Changing Family Dynamics and Demographic Evolution

Changing Family Dynamics and Demographic Evolution

The Family Kaleidoscope

Edited by Dimitri Mortelmans, Koenraad Matthijs, Elisabeth Alofs and Barbara Segaert

Whether considered from an American or a European perspective, the past four decades have seen family life become increasingly complex. Changing Family Dynamics and Demographic Evolution examines the various stages of change through the image of a kaleidoscope, providing new insights into the field of family dynamics and diversity.

Chapter 3: Gender inequality in the division of housework over the life course: a European comparative perspective

Tine Kil, Karel Neels and Jorik Vergauwen

Subjects: social policy and sociology, family and gender policy

Abstract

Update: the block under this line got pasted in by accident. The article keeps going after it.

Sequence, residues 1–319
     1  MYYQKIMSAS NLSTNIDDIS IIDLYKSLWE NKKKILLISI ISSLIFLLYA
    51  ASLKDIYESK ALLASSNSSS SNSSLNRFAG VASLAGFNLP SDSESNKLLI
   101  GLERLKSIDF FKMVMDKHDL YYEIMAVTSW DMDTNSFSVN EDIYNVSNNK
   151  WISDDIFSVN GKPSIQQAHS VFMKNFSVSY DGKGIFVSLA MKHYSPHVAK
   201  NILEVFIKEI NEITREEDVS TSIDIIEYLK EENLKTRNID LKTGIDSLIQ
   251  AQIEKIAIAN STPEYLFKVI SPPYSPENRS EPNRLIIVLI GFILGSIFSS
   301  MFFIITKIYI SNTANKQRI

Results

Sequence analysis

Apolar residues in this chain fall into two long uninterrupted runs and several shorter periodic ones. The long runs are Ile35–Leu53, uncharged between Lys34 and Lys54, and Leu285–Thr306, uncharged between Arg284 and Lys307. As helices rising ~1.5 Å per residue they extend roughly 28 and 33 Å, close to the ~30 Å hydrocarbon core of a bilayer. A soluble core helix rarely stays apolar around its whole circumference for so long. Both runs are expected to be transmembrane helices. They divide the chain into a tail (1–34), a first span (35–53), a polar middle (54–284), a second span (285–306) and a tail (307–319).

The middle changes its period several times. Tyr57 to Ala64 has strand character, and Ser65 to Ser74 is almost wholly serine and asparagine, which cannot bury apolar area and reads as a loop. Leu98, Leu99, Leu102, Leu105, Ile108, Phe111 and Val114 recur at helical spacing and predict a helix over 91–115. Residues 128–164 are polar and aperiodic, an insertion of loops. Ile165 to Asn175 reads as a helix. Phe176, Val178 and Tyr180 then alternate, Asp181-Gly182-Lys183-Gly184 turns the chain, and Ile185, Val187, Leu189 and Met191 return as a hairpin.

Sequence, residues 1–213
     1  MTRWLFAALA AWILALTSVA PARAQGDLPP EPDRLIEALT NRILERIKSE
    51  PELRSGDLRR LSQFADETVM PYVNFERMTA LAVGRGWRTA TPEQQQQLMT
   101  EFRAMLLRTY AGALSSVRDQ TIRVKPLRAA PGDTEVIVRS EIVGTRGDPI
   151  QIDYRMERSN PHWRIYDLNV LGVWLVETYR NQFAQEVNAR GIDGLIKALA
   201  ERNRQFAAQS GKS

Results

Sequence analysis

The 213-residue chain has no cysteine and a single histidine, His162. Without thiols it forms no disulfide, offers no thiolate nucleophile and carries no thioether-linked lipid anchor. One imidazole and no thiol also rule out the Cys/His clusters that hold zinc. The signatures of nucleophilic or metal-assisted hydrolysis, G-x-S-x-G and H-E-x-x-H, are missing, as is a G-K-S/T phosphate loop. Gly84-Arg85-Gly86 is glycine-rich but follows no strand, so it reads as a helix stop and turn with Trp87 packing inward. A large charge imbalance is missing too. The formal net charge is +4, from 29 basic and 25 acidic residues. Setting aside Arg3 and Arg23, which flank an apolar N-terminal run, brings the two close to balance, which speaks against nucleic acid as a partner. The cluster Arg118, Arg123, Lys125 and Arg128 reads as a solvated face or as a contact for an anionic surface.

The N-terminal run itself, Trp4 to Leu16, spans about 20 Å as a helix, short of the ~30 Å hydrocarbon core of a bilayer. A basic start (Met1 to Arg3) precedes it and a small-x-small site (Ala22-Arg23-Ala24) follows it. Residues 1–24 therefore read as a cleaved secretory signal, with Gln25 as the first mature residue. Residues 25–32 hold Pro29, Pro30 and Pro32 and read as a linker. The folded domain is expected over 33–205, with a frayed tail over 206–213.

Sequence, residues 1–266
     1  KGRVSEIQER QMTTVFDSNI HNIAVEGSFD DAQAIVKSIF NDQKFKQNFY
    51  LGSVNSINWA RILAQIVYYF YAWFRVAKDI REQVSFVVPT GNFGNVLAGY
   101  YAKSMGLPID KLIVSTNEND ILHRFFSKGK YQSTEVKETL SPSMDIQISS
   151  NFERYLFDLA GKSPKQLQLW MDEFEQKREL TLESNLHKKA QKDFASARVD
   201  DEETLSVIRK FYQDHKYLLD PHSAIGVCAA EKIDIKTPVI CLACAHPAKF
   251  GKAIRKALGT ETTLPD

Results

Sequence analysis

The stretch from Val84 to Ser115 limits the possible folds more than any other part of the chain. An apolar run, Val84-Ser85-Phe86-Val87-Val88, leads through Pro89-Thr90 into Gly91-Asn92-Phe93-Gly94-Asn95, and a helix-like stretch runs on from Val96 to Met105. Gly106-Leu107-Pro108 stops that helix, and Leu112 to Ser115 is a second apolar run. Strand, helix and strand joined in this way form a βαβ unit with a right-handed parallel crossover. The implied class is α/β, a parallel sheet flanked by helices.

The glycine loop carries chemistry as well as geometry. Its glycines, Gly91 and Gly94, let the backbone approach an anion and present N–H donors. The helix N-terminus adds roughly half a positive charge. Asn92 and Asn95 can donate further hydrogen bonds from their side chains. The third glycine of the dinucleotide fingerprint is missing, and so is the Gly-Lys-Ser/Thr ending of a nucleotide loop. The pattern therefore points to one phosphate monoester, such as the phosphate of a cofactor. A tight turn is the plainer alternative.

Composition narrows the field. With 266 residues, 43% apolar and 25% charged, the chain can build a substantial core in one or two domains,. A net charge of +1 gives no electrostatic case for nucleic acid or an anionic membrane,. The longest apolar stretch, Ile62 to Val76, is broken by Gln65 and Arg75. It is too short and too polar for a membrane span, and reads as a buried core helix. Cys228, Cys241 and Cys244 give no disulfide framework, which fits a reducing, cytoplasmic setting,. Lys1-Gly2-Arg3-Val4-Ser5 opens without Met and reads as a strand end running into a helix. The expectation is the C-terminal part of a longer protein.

Over the last 50 years the gendered division of paid work in European households has become more equal. This evolution only partly entailed a more equal distribution of unpaid work. This chapter aims to examine how gender inequality in the division of housework varies across different stages of the life course and across different cultural and institutional contexts. Using data from the fifth round (2010) of the European Social Survey a sample of 24 045 heterosexual couples from 24 different countries was selected. Using multilevel models the authors examined how the distribution of domestic work over the life course is affected by: (1) individual-level and household-level characteristics such as time availability, relative resources and gender ideology; (2) the cultural and institutional context; and (3) whether cross-level interactions play a role. Results show that a progressive gender ideology has a relatively small positive influence on gender equality for couples with young children. But this effect depends on the societal context as cross-level interactions suggest that parents succeed better in implementing their progressive ideas in a country with a progressive national gender culture and more full-time childcare. Hence, contextual variables play a role in reducing traditional gender roles following the birth of a child.

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